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Weird Stuff

10 Bizarre Beliefs Championed By Brilliant People

Debra Kelly


There are a handful of people who are universally lauded for their genius and their contributions to society. Whether it is Alexander Graham Bell’s inventions, the theories of Pythagoras, or the literature of Dickens, it’s undeniable that some people have changed the world with their work. Even so, some of them had their own bizarre and sometimes bloody ideas that can make us look at them just a bit differently.

10 Alexander Graham Bell Hated Sign Language

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Photo credit: biography.com

Alexander Graham Bell’s mother was deaf. This not only guided his own career as an inventor but encouraged his father to develop Visible Speech, a method of using symbols to teach people to speak a language they had never heard.

Bell didn’t just promote Visible Speech, he traveled the country and campaigned against sign language. He claimed that sign language was creating an entirely separate culture of people and that deaf people were being alienated from mainstream society, were marrying only each other, and were breeding a culture of more deaf people.

In 1884, he wrote Upon the Formation of a Deaf Variety of the Human Race and condemned sign language as a foreign language that was separating the species. Rather than side with proponents of eugenics, Bell proposed banning sign language, outlawing the employment of deaf teachers, and using Visible Speech to assimilate deaf children into mainstream education.


9 Isaac Newton’s Apocalyptic Predictions

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Photo credit: Open Culture

Newton never published his writings on alchemy, and we know now that alchemy is not the only strange thing Newton was dabbling in. He was also busy trying to figure out when the world was going to end.

Newton wrote around 4,500 pages of analysis on the Bible, which he believed held all the secrets of the world and all God’s instructions to mankind. He concluded that the world was going to end in 2060.

After the apocalypse, those left would be governed by saints who returned to mankind’s realm. The saintly rule would last for 1,000 years, and Newton believed that he was destined to be one of these saints.

8 Carl Linnaeus’s Mermaids

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Carl Linnaeus was an 18th-century botanist who developed a system of classification and taxonomy that we still use today. He saw similarities that allowed plants and animals to be grouped into categories, and he believed in a lot of mythical creatures that no one had ever seen.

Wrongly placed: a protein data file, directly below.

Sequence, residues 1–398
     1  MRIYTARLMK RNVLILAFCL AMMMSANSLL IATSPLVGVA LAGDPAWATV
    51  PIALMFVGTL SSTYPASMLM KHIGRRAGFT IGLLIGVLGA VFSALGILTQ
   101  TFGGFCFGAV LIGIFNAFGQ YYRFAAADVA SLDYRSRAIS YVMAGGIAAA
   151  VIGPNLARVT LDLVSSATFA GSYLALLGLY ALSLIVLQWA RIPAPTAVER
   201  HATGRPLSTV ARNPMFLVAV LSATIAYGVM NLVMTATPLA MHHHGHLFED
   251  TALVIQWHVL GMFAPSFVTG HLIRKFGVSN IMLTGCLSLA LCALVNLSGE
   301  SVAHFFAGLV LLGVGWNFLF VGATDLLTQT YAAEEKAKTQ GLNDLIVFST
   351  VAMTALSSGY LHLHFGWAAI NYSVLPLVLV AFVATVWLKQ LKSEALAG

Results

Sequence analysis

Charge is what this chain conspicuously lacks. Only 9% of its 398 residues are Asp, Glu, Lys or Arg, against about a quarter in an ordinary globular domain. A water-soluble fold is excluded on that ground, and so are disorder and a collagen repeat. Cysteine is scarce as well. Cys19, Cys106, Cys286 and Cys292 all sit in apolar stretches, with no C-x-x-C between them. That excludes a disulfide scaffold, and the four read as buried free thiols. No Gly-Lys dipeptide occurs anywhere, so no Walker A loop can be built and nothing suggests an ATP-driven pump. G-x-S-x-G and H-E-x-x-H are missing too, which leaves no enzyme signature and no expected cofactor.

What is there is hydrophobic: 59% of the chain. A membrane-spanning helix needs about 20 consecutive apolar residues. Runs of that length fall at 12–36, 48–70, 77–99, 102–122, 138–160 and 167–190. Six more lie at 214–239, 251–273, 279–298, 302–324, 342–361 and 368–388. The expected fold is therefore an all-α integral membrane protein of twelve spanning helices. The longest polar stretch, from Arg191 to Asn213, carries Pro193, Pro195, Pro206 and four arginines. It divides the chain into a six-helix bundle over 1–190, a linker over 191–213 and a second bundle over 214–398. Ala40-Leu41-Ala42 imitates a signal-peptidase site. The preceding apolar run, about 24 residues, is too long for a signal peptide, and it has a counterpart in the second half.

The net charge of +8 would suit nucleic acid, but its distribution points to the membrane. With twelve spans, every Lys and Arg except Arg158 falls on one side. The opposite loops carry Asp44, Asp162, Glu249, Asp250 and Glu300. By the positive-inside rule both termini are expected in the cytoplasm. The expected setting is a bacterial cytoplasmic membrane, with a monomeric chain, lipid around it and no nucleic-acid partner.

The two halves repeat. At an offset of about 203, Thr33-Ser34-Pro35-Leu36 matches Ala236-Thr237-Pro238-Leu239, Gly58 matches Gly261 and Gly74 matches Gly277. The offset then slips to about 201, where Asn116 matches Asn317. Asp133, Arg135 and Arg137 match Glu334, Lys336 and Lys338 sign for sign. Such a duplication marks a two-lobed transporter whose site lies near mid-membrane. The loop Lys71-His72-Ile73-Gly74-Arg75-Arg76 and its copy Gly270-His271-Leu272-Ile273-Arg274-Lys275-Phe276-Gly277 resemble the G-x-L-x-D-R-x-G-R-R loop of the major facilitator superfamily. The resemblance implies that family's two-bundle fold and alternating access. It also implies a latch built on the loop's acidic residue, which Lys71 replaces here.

One creature classified in his Systema Naturae was the kraken, which he assigned the scientific name Microcosmus marinus. The kraken was in the first few editions of the book (with the footnote that he had never seen one).

He also wrote about mermaids. He did believe that he had seen this creature, which he described in the 10th edition of his master work. The mermaid was housed in a museum in Leyden, had come from Brazil, and was fed a diet of little fish and pieces of bread.



7 Aristotle’s Ideas On Women

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Aristotle is often hailed as one of the ancient world’s great thinkers, and one of his constant themes is the superiority of men. While that is nothing new in terms of gender bias throughout the ages, Aristotle did cite some bizarre evidence he saw as proof of his claims.

The philosopher said that while women were able to run a household and should be considered a step above children and slaves, there could be no equality between men and women simply because women were so clearly an inferior product of the human condition. He pointed to Sparta, where women were given power and the results were downright uncivilized and disastrous. It was a problem rooted in biology, he claimed, and stated that women were simply an incomplete, deformed version of men.

6 Carl Jung’s Summoning Of The Self

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Photo credit: Return of Kings

In 1889, Carl Jung began observing Miss S.W., a 15-year-old patient who suffered from attacks of somnambulism. While asleep, she would channel the spirits of people she once knew (most often her grandfather, who took the role of her protector), her pulse would slow, and her eyes would stop reacting to stimuli in the room. When she woke, she reportedly hated what she was being subjected to.

Jung studied her at seances for years and concluded that occult phenomena was one of the most direct ways to access the deepest, darkest parts of a person’s true self. Most of the development of our personalities goes on without us being aware of it, and the pieces of our “self”—which he called complexes—he saw as manifesting during the presence of occult phenomena.

5 Robert FitzRoy’s Dinosaurs

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Photo credit: Royal Naval College